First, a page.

The Lawyer Asia Pacific 150 is the only research report to provide a ranking of the top 100 independent local firms and top 50 global firms in the region. The report offers critical review of some of the fastest growing firms and their strategies, a country-by-country guide to leading legal advisers and legal services market trends, plus exclusive insight into the current business development opportunities in the Asia Pacific. Read more
This year, The Lawyer’s annual ranking of the largest UK law firms by turnover is available as an interactive, digital benchmarking tool. For the first time this will allow you to manipulate each data set against the metrics of your choice.
Dechert has caught up with its peers among the transatlantic merged firms by overhauling partner remuneration in London to bring it in line with the US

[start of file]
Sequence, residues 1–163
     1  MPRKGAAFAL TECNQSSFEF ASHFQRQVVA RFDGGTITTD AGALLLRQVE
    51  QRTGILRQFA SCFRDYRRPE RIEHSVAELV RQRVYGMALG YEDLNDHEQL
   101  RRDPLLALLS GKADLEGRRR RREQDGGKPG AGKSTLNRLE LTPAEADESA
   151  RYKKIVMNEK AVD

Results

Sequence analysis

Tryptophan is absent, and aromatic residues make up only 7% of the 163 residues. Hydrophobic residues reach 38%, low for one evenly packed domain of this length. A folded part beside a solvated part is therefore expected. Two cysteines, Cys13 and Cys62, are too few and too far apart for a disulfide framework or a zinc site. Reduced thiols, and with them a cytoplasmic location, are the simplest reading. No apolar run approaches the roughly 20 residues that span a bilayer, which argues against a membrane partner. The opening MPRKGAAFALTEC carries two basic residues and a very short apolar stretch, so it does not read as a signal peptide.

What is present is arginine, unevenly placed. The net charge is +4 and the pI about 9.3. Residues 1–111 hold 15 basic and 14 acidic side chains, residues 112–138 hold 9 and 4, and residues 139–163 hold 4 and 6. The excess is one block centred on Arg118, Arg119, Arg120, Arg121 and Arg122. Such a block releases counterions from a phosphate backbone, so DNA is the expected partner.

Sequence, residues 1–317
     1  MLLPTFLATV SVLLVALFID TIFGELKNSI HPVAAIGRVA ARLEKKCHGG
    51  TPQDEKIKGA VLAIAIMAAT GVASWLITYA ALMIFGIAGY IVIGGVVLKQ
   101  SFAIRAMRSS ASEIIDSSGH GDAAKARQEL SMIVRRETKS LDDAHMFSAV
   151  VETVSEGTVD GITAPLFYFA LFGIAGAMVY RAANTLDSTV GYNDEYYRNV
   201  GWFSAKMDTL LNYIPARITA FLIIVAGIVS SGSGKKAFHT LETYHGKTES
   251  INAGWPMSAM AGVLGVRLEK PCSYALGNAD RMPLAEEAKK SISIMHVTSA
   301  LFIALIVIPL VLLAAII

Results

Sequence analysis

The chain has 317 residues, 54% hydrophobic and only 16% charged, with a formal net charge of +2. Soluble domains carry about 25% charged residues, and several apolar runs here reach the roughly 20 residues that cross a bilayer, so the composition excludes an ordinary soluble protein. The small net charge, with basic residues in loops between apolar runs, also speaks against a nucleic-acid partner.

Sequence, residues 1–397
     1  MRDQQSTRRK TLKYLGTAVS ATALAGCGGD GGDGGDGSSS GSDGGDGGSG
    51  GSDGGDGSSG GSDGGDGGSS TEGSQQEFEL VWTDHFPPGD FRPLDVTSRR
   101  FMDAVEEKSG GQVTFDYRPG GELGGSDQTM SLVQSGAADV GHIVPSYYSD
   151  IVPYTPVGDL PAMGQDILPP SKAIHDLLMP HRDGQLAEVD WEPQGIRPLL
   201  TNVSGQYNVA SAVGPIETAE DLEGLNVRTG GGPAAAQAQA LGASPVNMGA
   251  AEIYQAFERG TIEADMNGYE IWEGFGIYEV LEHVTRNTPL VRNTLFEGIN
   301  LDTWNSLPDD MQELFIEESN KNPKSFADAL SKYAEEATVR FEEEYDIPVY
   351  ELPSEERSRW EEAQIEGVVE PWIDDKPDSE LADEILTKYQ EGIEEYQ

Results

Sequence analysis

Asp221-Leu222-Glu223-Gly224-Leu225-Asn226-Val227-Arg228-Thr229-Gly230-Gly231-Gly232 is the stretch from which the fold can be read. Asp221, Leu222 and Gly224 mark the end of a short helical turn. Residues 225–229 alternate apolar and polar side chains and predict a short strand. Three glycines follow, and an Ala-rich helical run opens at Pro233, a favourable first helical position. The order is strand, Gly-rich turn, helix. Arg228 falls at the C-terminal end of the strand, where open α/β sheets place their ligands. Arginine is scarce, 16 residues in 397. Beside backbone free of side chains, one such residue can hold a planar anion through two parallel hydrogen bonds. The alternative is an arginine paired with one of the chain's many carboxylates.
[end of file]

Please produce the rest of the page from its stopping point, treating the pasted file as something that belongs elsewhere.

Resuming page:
The firm has just finished resetting its compensation on an international basis for the first time, two years after the transatlantic merger of Titmuss Sainer Dechert and Dechert Price & Rhoads. The new equity spread under the US merit-based system has been widened significantly from Titmuss Sainer's old spread. It jumps to approximately 4.5-1, excluding an annual bonus element, from around 2.5-1 prior to merger. London recorded a turnover of £45.5m for 2001 against a firmwide income of £238m. The new system places a discretion with the firm's policy committee with effect from 1 January in every second year to determine the remuneration of all partners in all offices for the next two years. The 12-strong policy committee, which has three European seats, also sets bonuses every year for partners whose performance has been extraordinary. The committee's recommendation is based on intense consultation with all partners and is subject to ratification by the partners. The new system marks the end of modified lockstep for Dechert in London. The Lawyer can reveal that Titmuss Sainer first moved away from a system of lockstep with a bonus pot six months prior to its merger. A partner vote on this interim system was tied to the merger vote. Partners gained half of the points they previously had through seniority, but also had to rate every other partner in a matrix of 10 qualities, such as recognition in the market, billing and client winning. A joint remuneration committee moderated the results to give a new cut. Partners knew that the system would then change again in 2002. Dechert's latest remuneration change brings it up to speed with other recent transatlantic mergers. Niche City firm Rakisons went straight into the US system of Steptoe & Johnson when the two firms merged in December 2000. When Reed Smith merged with Warner Cranston last year, remuneration was set for individual UK partners for 2001 as a run-up to a full remuneration review process based on performance, which has now been completed.